My colleague Jon Becker in our Office of Online Academic Programs here at VCU posted an interesting Twitter conversation in his blog post today. He noted that it started with a live tweet by Jesse Stommel of Jim Groom’s presentation at #et4online. Derek Bruff responded with what he tagged an honest question, and Jon responded as shown below:
Jon went on to quote Steve Jobs that computers were like bicycles for the mind, and that as such, they allowed us the ability to soar. Jon’s point was:
If computers are like bicycles for our mind (and I believe they are!), the Learning Management System (LMS) is perfectly analogous to the training wheels. Riding a bicycle with training wheels on is relatively safe and it can get you from point A to point B, albeit slowly. But, one hasn’t *really* learned to ride a bike until the training wheels come off. Taking the training wheels off liberates the operator of the bike and affords her the freedom to really move and soar and do amazing tricks. Taking the training wheels off of the open web liberates the learning and affords the teachers and the learners to really move and soar and do amazing things.
In many ways, Jon’s point is similar to Lisa Lane’s point three days ago that classes within an LMS isolate students. To mash up her tweet:
Both Jon and Lisa (and Jim Groom) are totally correct. But my mind returns to Derek’s point…and questions of policy during a period of disruptive transition. Very few faculty (at least at my institution) have the digital literacy to drop an LMS cold turkey and move to their own domain. Our twelve schools and colleges, our IT personnel and our HelpDesk are not staffed to support faculty in the absence of an LMS.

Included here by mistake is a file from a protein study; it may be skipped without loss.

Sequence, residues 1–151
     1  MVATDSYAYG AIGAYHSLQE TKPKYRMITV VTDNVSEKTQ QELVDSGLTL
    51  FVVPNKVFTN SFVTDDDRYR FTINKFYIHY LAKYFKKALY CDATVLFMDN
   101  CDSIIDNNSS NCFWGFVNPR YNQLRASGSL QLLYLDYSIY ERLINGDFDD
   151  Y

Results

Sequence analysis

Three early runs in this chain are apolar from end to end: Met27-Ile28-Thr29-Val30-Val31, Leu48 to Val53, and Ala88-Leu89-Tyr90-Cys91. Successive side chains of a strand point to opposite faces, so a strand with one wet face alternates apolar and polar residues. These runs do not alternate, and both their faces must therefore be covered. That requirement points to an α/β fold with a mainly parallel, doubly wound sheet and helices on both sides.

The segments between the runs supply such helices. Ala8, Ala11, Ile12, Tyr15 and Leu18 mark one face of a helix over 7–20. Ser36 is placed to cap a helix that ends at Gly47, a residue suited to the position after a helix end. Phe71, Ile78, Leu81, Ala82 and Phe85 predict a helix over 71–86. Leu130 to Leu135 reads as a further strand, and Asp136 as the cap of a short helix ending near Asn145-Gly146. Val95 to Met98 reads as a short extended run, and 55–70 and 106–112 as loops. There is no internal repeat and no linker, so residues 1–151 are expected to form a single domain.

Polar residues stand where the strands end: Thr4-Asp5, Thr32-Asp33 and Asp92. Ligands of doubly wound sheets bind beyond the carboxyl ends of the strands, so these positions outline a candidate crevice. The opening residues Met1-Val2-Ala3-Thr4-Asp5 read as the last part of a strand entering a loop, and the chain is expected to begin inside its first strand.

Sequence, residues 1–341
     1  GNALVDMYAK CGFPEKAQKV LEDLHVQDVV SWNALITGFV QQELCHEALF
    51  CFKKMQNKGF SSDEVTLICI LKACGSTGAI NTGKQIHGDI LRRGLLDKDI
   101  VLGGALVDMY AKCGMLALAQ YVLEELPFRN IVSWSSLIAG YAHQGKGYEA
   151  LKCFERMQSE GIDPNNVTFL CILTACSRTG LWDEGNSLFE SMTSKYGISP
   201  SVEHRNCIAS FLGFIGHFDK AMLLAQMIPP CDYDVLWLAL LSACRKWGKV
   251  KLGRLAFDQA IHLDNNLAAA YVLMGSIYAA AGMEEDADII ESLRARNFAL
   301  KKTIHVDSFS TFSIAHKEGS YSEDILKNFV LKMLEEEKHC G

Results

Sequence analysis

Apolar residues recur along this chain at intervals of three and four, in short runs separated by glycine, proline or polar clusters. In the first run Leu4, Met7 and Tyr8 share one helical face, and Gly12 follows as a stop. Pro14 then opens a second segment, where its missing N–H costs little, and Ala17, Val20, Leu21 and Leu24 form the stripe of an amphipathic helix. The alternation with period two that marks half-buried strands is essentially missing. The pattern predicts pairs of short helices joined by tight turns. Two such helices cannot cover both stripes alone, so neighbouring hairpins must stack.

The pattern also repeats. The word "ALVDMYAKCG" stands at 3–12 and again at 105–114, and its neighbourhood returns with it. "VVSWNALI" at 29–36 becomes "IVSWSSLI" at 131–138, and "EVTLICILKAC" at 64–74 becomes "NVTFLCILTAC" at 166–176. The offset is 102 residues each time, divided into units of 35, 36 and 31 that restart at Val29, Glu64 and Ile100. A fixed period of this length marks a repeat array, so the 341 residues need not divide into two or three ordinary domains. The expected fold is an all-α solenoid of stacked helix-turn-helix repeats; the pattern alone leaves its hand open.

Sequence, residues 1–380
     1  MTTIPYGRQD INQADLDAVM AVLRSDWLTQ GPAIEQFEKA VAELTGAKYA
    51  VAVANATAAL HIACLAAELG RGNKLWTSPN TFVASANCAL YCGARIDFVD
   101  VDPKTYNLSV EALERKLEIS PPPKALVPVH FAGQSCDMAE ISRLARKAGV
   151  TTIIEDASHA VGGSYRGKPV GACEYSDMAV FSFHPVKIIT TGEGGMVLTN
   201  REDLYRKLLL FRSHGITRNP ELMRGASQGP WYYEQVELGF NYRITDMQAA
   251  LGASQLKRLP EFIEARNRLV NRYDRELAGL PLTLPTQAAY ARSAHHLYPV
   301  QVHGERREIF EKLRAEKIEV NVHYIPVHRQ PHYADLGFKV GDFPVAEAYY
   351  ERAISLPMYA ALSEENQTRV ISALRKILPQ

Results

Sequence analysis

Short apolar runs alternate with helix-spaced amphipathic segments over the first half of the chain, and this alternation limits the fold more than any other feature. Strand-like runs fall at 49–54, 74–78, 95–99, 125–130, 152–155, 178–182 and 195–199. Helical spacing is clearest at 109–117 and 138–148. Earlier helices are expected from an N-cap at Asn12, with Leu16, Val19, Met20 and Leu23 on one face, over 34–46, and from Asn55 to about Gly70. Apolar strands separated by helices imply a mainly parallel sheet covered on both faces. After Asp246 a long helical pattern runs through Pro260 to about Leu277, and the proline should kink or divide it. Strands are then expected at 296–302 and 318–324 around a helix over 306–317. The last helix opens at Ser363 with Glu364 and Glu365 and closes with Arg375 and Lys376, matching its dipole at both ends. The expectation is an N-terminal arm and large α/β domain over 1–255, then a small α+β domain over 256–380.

So weaving a path between Jon/Jim/Lisa’s ideal and the pragmatic realities of a faculty wedded to a decade of LMS use, how do we begin a campus wide conversation and develop a timeline to achieve this excellent goal? To my mind, the training wheels will not come off until we have faculty buy-in and a clear timeline for transitioning, with a safety net for current faculty as they transition to the open web. It is not a pipedream to visualize a more open (and amazing) educational landscape. In GRAD-602, we already suggest that future faculty will teach and learn in an open web, making full use of the affordances of the web (and we model what we suggest with our fully open class website). But we also suggest to these future faculty that they should approach digital opportunities in a mindful way. LMS systems solve some problems (FERPA, grades) while creating others (stifled creativity). Before we dump one, we should solve the problems it has already solved…and do it at scale, so that thousands of faculty are not left scrambling at a time they are already loaded down with research, teaching and service commitments.
Derek’s honest question inspired my 30-Day Challenge question for today:
Day 25 – How do we in faculty development support the digital presence of 3,000 faculty without something like an LMS?
Honest question, indeed. Be interested in how your campuses are tackling this issue?